Destroying Egyptian Antiquities for Jesus

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by Tim Widowfield

In case you missed it, recently the web site “livescience” published an update on the mummy mask mutilation controversy.


For a little background on the matter, see Brice Jones’s blog post from last May.


I can’t deny that finding new and perhaps much older papyrus fragments of NT manuscripts sounds fascinating, but it’s a bit gut-wrenching to see apologists ripping apart archaeological items, destroying them forever. It doesn’t matter if they’re “low quality” masks or not. They’re priceless and irreplaceable. Furthermore, they’re part of the heritage of humanity; they shouldn’t be thought of as “owned” by private individuals who can do whatever they want with them.

Bart Ehrman has posted his thoughts about it on Facebook.


From his post:

This complete disregard for the sanctity of surviving antiquities is, for many, many of us not just puzzling but flat-out distressing. It appears that the people behind and the people doing this destruction of antiquities are all conservative evangelical Christians, who care nothing about the preservation of the past – they care only about getting their paws on a small fragment of a manuscript. Can there be any question that with them we are not dealing with historians but Christian apologists?

Nope.  No question about it.

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Tim Widowfield

Tim is a retired vagabond who lives with his wife and multiple cats in a 20-year-old motor home. To read more about Tim, see our About page.

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16 thoughts on “Destroying Egyptian Antiquities for Jesus”

  1. Well isn’t it just like a wannabe-totalitarian Christian! During the Christian revolution in the ancient and vast Roman Empire 325-415 CE, the early Christians were empowered and assisted by Roman authorities (and troops!) to destroy utterly any structure or artifact they pleased — and kill off or humiliate whole priesthoods — because they represented pagan “idol worship” and allowed “unnatural” sexual practices.

    I hole Eusebius’ breathless prose in praise of the criminal Constantine in Vita Constantini to be especially vile.

    And the Muslims aren’t blameless in desecration of ancient artifacts and historic sites, either. Recent examples include the actions of ISIS and the Saudi state’s actions in demolishing all the historical structures of Mecca, even those that date back to Muhammad’s time, in a misguided attempt to prevent Muslims from adoring and venerating sites associated with early Islam and Muhammad the prophet. Sure, they’ll prevent the adoration and veneration; but eventually someone will sift the lack of evidence at Mecca and come to the conclusion that Muhammad never existed.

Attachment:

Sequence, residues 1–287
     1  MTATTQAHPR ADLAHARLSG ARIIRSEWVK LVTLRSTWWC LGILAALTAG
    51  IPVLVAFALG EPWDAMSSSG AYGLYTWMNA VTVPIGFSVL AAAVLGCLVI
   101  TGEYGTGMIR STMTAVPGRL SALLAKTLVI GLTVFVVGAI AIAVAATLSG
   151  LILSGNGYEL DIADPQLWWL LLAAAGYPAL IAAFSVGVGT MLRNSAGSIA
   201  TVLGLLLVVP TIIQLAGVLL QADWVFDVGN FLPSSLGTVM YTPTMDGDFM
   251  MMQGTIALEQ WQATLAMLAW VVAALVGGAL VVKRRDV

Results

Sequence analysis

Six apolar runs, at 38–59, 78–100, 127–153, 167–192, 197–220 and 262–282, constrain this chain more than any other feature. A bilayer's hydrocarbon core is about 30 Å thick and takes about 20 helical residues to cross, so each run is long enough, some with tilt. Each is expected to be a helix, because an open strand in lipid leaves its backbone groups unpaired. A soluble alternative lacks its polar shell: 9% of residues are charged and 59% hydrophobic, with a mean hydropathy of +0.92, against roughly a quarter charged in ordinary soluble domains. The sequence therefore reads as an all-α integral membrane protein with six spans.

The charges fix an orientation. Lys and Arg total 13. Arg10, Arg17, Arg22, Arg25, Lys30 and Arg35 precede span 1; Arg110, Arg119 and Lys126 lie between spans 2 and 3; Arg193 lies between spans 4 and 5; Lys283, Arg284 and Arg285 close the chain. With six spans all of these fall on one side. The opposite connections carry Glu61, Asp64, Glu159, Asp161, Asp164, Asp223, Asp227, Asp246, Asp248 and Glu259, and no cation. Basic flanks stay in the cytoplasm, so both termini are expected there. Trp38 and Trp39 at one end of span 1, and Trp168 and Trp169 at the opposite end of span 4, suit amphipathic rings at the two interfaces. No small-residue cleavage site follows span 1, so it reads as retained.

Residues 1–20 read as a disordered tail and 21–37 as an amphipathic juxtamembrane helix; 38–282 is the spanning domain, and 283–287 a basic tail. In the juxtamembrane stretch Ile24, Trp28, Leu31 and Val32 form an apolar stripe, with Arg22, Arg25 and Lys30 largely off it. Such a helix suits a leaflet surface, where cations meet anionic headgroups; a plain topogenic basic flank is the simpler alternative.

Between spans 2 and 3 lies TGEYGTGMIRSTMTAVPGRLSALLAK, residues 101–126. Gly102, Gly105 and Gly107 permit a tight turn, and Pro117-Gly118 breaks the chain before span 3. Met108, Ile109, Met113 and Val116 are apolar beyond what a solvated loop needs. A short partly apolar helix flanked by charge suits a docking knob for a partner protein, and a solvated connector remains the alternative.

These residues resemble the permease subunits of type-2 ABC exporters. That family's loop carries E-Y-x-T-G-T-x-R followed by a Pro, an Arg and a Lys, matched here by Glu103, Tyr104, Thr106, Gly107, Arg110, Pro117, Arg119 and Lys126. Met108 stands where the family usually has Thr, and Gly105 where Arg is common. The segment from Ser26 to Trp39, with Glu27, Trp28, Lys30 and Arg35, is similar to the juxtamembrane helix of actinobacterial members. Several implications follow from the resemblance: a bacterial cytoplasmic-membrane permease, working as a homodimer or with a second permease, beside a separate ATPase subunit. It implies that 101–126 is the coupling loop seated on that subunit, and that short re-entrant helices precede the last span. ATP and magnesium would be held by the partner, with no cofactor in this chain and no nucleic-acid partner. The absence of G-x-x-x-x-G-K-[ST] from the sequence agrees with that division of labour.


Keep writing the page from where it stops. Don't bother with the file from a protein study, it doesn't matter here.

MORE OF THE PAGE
2. Lest we forget also that Eusebius and those other early Fathers of the ChurchClement , Jerome, John Chrysostom, were all adept at justifying deceit/lies for the good of the poor sinner.

    .”..For great is the value of deceit, provided it be not introduced with a mischievous intention. In fact action of this kind ought not to be called deceit, but rather a kind of good management, cleverness and skill, capable of finding out ways where resources fail, and making up for the defects of the mind …

    …And often it is necessary to deceive, and to do the greatest benefits by means of this device, whereas he who has gone by a straight course has done great mischief to the person whom he has not deceived…”
    Chrysostom, Treatise On The Priesthood, Book 1.

    They were the obvious forerunners of today’s Spin Doctors!

    1. “. . . apologists’ speeches are not only misinformed, but can even encourage more people to buy mummy masks on the antiquities market and dissolve them in Palmolive soap – a method suggested publicly by one of them . . .”

      Aw, crap.

  3. It seems like a case could be made for unpacking history here if preservation measures were taken before hand. Preserving as in photography, 3D printing, etc. It’s not like dynamiting stone images to get rid of them. And, regarding mcduff’s comments, it would be real nice to see Robert Spencer’s, “Did Muhammad Exist”, reviewed on Vridar. Such works should get greater exposure I think.

  4. My reading comprehension skills may be on holiday so …

    I found your ‘aw, crap’ ambiguous. What is crap, Mazza’s comment or the implications of it?

    I don’t see the connection between my comment [a re hash of Mazza’s] and your wish to see a review of Spencer’s book.

    Sorry to be so dense fellas.

    1. I was visualizing scores of idiot apologists busting up mummy masks in their bathtubs at home, possibly damaging the papyri, too. “Aw, crap.”

    2. Forgive me, mcduff. I should have said that it was Ed-M’s comments about the possible consequences of a Mohammad-never-existed outcome of destroying evidence, that I was alluding to. I was obviously confused.

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